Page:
Want a break from tech?
Take a journey with me as I learn to take insanely great pictures.
Are you a founder who likes to travel?
Check out FoundersCard to get airfare discounts on VirginAtlantic, JetBlue, British Airways, American Airlines, Qantas, Cathay & lots of other perks.
Hey guys, if you find a bug in SETT, reply to this with the info. You can embed screenshots if necessary or paste error messages. If you've experienced a bug that someone else has already reported, you can vote it up so that we know it's more important.
We met at the mobile media summit last year. We're thinking about moving to the space at 450 Townsend!
My name is Dewayne Jasper, and I am really interested for guest post in your blog, I am a writer and wrote for motorcycle related stuff, if you can assist me in any way so kindly let me know.
My Email address is [email protected]
Hope for good and waiting for your kind response.
How are you? I hope you are doing well. I am the CEO of Outroop, which is my new venture, created to help consumers and businesses find independent local service providers more easily. Outroop also promotes a competitive pricing environment to help the consumer.
Outroop gives consumers and businesses the ability to control everyday work and repairs from the comfort of their own home or office. It makes it easy for consumers and businesses to have independent local service providers bid on work to get the best price and quality. Outroop’s mission is to help people have the ability to get more work and get the work done.
Via Quartz (one of my favorite new reads!):
If you knew you were going out on a certain holiday night, you could bid for a future Uber ride—a FUber, if you will—based on a given hypothetical distance and surge factor, to guarantee yourself a spot in a car that evening.
I'm a reporter at the Washington City Paper, and I'm writing a story on D.C. tech companies that have left town while trying to expand. I'd love to speak with you about your experience with Socialize. If you have a few minutes to spare this week, please email me at awiener(at)washingtoncitypaper(dot)com, and we'll find a time to talk on the phone.
I recently wrote a post about how I'm learning to take insanely great pictures. This is the first follow-up community post on that topic, with more to come as I learn the ropes.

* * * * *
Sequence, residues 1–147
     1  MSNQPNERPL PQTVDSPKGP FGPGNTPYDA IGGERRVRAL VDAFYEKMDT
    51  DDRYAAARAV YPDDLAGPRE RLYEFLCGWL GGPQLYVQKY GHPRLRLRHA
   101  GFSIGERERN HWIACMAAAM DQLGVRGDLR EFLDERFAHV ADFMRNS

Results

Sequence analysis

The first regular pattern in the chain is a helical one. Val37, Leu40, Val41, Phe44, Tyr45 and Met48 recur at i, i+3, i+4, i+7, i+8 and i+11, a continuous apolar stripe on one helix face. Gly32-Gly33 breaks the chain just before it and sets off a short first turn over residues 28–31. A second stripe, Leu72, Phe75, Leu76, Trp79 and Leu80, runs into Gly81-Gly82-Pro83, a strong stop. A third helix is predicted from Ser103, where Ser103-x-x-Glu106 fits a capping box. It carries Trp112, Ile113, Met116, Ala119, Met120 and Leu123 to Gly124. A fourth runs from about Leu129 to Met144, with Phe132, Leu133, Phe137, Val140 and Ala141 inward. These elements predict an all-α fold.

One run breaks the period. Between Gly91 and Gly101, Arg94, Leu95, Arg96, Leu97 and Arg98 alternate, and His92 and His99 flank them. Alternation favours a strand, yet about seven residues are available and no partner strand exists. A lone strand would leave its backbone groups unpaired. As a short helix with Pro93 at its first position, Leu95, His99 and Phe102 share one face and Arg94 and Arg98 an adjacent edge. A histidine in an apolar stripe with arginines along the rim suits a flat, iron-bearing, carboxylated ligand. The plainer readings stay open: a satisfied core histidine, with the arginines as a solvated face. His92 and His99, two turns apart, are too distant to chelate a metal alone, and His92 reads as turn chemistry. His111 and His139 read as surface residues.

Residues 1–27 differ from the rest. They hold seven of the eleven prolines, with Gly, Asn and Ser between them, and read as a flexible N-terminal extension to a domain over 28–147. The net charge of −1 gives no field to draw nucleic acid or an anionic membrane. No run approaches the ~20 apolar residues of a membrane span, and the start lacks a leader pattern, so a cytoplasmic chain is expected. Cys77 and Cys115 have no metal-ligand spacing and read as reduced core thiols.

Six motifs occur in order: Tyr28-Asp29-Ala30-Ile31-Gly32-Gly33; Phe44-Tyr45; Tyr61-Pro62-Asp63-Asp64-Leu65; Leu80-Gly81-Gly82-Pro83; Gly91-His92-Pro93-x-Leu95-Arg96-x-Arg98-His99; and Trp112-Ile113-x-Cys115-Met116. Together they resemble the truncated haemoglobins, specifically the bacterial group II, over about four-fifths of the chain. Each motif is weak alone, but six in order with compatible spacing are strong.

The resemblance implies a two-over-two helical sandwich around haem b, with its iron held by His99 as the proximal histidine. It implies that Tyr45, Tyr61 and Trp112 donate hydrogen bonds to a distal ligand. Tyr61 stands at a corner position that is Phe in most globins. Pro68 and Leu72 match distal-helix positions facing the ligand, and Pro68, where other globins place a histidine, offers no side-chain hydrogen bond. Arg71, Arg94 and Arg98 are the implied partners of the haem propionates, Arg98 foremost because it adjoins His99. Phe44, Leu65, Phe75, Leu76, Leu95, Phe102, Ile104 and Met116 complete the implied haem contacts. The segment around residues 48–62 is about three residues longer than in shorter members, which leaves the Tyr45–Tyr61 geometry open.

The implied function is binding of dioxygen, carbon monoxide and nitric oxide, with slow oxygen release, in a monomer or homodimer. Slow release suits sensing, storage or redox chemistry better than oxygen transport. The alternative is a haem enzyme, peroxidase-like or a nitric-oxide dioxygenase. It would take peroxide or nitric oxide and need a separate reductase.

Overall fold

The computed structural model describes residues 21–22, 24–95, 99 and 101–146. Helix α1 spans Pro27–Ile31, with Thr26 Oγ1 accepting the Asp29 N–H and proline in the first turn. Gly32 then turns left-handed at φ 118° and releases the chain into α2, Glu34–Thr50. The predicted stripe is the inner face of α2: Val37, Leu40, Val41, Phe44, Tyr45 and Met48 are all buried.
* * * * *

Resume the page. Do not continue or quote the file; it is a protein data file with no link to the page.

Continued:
First things first: I'm already taking better pictures than I ever have before. So even with just a bit of motivation, the right camera, and some patience, you can definitely take pictures that are orders of magnitude better than before.
I'm not yet taking world-class pictures -- I know that will take years of practice -- but as an example, here are a few of the pictures I took this past weekend at a friend's wedding:
Trello is a super lightweight agile project management tool. The great thing about Trello is that it makes it easy to see what's important, and where it is in a workflow. I've known about Trello for a while but have never tried using it -- until now.
But there are some quirks and limitations as well. Does anyone know workarounds to these?
How Trello Works: "Cards" are individual items. You can move cards up & down in a stack, and left and right. Higher in the stack = more important in that column. Columns are configurable by the creator of the project but generally cards will move left to right as they are worked on.
Labels issue: Labels can be customized and can be applied to cards. You can then filter by labels. But you can't create a custom view or a URL of all cards with a certain label. This is also a limitation of Trello.
I had an employee ask me what the process was to buy stock options, so I figured I'd answer this question publicly so anyone interested could understand & benefit from it.
The way company stock options work is as follows:
As an employee, a company will grant you a pool of options. Let's say you get 10,000 options. Those options typically won't "vest" all at once, meaning that although the company has promised you those options, you receive them on a specific schedule known as a vesting schedule. That schedule is usually something like the following: "4 years, with a 1 year cliff". What that means is that they vest over 4 years (so 25% of the options become available to you each year) on a monthly basis for as long as you're an employee. So if you're an employee for the next 27 months after the option grant, then you'd vest 27/48ths of the total, or 56.25% of your total options (and 10,000 x .5625 = 5,625 options vested). The "cliff" means that in the first year, you don't vest monthly, but rather annually. So in the first year, if you only stay for 11 months, then you don't vest any of the options. But if you stay for 12 months, then boom-- you vest 12/48ths (or 25%) of the options granted. The reason companies do this is so that if an employee doesn't work out in the first year, they don't have an obligation to grant any options. (It would be awkward to hire an employee for 3 months who it turns out isn't a good fit for the company, then have to fire that employee, but still have to vest 3/48ths of his or her options).
OK so you have these vested options. Now what?
Granted options have a "strike price" -- the price at which you can pay to turn them into stock. Let's say that the strike price is 50 cents each. That means that if you stayed at the company for 27 months after the grant, and you vested 5,625 of your options, it would cost you $2,812.50 ($0.50 x 5,625) to purchase your options and turn them into stock.
I've had people ask me how to download pictures from my photo gallery.
It's easy; here's how: